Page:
History of Astronomy — The Celts

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History of Astronomy — The Celts


The Celtic Calendar. The Celts lived over much of northern Europe. Most of what we know about them comes from observations of Roman and Greek chroniclers. In the past century, we have also been fortunate to find well-preserved burial sites and even a calendar from Gaul.

The Celtic day began at sundown. Time was counted in nights, not days. The English word "fortnight" (fourteen days, half a lunar month) survives as a reminder of this earlier time. A week wss called a sennight, meaning seven nights. Months were counted as a number of moons.

Celts celebrated the beginning of each of the four agricultural seasons: Samhain (winter), Imbolc (spring), Beltain (summer), and Lugnasa (autumn). They also had festivals for the solstices and equinoxes. The first Full Moon after the Spring Equinox was celebrated as Oester, the festival of the Spring Goddess, who was represented as a hare to symbolize mating, and as an egg to symbolize the start of a new life. This evolved into Easter, with eggs left by the Easter Bunny, although Easter occurs one week later than the original Oester.

Celts believed that the world was originally completely dark in the cold of winter, and that light followed the darkness. They thus began their New Year on November 1, with the festival of Samhain (pronounced sow-wen) on October 31. During the transitioin from the old year to the new, little was thought to separate the world of the living from the world of the dead. This festival is preserved today as the custom of Halloween.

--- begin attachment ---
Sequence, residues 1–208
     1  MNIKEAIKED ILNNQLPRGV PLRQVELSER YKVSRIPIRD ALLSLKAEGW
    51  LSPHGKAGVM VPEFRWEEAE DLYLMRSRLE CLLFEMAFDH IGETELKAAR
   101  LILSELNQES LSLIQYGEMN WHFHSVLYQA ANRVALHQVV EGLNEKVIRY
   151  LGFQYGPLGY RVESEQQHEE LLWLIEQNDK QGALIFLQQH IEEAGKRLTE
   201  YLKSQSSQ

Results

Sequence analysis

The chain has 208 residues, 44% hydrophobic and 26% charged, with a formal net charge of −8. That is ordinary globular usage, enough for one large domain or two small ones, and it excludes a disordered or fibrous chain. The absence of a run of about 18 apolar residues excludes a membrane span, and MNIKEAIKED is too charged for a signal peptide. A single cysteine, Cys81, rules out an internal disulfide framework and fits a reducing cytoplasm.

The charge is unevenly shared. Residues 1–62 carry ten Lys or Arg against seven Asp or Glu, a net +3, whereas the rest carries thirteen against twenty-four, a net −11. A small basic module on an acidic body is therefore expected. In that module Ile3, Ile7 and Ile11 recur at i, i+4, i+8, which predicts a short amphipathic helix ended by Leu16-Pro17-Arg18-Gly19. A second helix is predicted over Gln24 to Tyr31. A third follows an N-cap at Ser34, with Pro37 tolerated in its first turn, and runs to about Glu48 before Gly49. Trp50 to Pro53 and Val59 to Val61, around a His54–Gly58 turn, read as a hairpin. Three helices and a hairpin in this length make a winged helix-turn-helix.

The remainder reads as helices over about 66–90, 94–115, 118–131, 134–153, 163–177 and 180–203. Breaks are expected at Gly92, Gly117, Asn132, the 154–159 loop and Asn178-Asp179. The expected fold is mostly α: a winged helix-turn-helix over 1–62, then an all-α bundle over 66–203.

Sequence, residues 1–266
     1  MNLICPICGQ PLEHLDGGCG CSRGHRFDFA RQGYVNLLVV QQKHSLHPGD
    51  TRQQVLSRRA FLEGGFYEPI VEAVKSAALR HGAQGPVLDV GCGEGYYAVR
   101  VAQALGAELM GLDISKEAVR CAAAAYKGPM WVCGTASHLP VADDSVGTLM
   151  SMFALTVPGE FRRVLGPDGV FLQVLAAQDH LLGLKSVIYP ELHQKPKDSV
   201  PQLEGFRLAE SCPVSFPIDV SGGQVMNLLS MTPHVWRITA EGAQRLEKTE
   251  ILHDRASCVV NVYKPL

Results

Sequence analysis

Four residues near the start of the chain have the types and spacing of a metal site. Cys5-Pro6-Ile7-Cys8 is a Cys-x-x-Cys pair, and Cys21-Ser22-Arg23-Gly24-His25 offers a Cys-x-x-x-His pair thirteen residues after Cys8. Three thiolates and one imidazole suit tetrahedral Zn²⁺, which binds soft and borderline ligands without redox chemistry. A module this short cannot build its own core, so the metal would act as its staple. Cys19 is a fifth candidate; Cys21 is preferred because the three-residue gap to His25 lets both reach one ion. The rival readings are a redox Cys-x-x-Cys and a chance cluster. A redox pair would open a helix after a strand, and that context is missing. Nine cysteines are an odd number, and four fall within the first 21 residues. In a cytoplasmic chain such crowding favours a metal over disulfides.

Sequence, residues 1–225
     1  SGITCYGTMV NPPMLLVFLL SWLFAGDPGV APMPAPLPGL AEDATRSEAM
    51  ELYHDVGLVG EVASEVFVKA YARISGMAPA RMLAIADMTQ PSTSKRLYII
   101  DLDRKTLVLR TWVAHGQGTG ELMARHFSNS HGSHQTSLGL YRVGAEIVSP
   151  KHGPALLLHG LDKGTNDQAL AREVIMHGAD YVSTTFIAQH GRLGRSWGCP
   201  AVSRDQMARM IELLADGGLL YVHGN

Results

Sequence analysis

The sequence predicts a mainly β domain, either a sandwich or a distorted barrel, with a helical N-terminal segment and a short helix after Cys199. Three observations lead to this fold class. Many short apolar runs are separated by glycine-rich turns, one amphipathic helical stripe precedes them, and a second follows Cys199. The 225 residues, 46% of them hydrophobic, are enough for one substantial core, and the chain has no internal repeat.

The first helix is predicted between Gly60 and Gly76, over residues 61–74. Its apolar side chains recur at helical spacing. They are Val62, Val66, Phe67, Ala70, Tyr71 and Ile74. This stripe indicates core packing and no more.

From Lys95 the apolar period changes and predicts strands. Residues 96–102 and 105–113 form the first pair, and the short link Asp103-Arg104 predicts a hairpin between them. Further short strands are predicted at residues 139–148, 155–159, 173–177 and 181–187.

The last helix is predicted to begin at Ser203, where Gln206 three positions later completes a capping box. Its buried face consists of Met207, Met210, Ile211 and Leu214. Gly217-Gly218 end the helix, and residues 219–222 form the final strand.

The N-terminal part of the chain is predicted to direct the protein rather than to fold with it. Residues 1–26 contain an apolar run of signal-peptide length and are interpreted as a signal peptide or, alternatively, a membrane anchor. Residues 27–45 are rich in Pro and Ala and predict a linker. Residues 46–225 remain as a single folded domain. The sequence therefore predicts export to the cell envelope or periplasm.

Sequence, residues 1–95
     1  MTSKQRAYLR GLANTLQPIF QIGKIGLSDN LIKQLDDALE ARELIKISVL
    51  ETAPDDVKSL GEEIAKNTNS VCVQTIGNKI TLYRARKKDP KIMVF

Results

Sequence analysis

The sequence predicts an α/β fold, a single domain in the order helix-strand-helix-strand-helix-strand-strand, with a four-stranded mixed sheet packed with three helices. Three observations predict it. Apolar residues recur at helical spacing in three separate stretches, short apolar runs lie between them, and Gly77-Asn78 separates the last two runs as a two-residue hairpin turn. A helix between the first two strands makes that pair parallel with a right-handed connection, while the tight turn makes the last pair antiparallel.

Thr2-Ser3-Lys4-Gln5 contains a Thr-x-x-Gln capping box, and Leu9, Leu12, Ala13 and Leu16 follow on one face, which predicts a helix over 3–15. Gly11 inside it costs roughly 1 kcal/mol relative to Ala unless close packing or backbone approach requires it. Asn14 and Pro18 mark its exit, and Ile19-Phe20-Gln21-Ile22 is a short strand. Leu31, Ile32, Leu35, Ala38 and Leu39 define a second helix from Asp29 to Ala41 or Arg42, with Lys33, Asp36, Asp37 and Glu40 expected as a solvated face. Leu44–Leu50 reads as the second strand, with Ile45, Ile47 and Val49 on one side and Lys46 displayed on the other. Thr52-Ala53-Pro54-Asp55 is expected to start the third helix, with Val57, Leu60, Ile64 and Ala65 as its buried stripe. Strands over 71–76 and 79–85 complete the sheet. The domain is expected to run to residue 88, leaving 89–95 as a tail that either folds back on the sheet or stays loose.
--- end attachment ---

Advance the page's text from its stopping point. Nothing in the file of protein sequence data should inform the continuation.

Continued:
The season of Imbolc is the start of renewed life. In Celtic, Imbolc means "lactation of the ewes." This has become the Christian festival of Candlemass on February 2.

Beltain marks the beginning of summer, represented by by the blossoms of springtime and courting between men and women. Animals were led over bonfires at this time to rid them of evil spirits. Household fires were relit from these bonfires. In Scotland, stones with holes in the center still exist that couples would pass through at this time as a fertility rite.

Lugnasa marks the harvest and the beginning of autumn. While the other three season festivals only last a day, Lugnasa was celebrated for an entire moon. The festival ended with the Harvest Home, when the last crops were gathered. Harvest Home represented capturing the Goddess of the Earth. This survives today with the making of a corn dolly, which represents the Goddess of Grain. The corn dolly was planted in the first furrow dug in the Spring.

The times of the Celtic Solar Year were Alban Elued (Autumnal Equinox), Alban Arthuan (Winter Solstice), Alban Eiler (Spring or Vernal Equinox), and Alban Heruin (Summer Solstice).

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